Continuum hypothesis: A hypothesis by the mathematician Georg Cantor that there is no set whose cardinality is strictly between that of the ►Real Numbers and that of the Natural Numbers, which have minimal cardinality. As an equation, the continuum hypothesis can be formulated thus:
You may read up in more detail about this equation and the strange symbols it contains in the article on ►Cardinal numbers.
As►Cantor's biography has shown us, his proof of the continuum hypothesis dramatically failed, and he paid a high price for it. Nonetheless, in the early 20th century the continuum hypothesis became one of the most famous unsolved problems in mathematics. Many mathematicians tackled it — until 1930.
That was the year in which logician Kurt Gödel published his incompleteness theorem.* According to the theorem, every sufficiently consistent system of statements is incomplete. This means that in such a system there are always statements that cannot be demonstrated or refuted by means of the system itself. This is analogous to the proof discussed in the article on ►truth that there can't be a universal truth machine. The incompleteness theorem applies to mathematics and also, of course, to set theory.
All Mathematics is Incomplete
Gödel proved this theorem in the abstract, without providing any specific example of a statement that is in principle unprovable from within its system. This suggested an investigation of hitherto unsolved problems in mathematics in order to see whether one of them happens to involve just such a statement. Gödel undertook this investigation; his first suspect was the continuum hypothesis.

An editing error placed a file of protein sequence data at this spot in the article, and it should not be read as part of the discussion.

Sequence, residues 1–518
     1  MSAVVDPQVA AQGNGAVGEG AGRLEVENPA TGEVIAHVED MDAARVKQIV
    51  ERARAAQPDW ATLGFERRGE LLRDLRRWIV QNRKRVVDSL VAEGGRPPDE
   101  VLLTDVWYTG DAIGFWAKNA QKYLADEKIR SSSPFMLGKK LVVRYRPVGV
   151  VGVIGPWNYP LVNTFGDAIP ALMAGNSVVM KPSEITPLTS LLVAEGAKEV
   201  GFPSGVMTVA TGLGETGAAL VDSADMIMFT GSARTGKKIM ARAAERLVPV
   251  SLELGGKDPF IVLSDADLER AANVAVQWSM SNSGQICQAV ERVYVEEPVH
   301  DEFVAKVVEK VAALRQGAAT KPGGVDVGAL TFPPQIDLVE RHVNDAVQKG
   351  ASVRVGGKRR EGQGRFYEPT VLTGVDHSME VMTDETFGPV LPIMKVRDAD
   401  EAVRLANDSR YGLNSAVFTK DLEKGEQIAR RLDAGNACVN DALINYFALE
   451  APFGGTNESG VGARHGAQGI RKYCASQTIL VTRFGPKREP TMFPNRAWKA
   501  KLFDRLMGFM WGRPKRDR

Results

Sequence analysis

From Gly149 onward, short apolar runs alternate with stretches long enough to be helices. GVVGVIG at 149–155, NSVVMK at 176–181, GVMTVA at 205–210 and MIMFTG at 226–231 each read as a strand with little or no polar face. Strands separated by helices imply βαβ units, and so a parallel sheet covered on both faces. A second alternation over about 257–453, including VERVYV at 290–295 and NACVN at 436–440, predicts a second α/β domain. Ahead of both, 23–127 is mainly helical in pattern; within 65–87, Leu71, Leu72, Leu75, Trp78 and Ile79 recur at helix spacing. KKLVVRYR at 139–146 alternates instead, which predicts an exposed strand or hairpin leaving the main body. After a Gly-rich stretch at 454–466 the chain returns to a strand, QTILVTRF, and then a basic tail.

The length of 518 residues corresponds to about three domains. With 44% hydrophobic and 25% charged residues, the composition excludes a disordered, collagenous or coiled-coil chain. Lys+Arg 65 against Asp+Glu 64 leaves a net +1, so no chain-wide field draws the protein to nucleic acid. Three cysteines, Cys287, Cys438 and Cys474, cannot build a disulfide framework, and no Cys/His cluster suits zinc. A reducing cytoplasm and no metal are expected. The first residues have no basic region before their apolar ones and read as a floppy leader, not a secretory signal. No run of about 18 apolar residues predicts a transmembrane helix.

In 1937 he provided a proof that the continuum hypothesis cannot be refuted within set theory and that, therefore, it is consistent with all statements of set theory. This does not mean, however, that it is proven to be true. To prove this we would have to prove that its contrary is inconsistent with the statements of set theory.
Gödel did not succeed in getting any further with regard to this question. It was only in 1963 that Paul Cohen was able to prove that the contrary of the continuum hypothesis is also consistent with set theory. This finally established that the continuum hypothesis is undecidable in the system of classical logic — that is, it is neither true nor false. At the same time, it is one of the first concrete illustrations of Gödel's incompleteness theorem. Thus, it turned out that Cantor had never had a chance with any of his attempts at a proof during the 19th century.
The Third Level of Infinity
In the meantime, mathematicians have been considering whether to render the continuum hypothesis decidable by means of a meaningful expansion of set theory. However, they have dropped the idea of including Cantor's original version of the hypothesis. Like many mathematicians, Cohen thinks that the set of real numbers is so large that it could not possess the second smallest infinite cardinality. Therefore, the cardinality of the continuum would need to be larger than א1 in order to be part of an appropriate, usable system of set theory. Thus, in further developments of set theory the general tendency is now toward adopting the statement
which, of course, raises the question what set would then correspond to the second level of infinity, namely to the cardinality of א1.
* The version of the proof that is probably easiest to understand for non-mathematicians can be found in Gödel, Escher, Bach by Douglas Hofstadter (see Suggested Readings).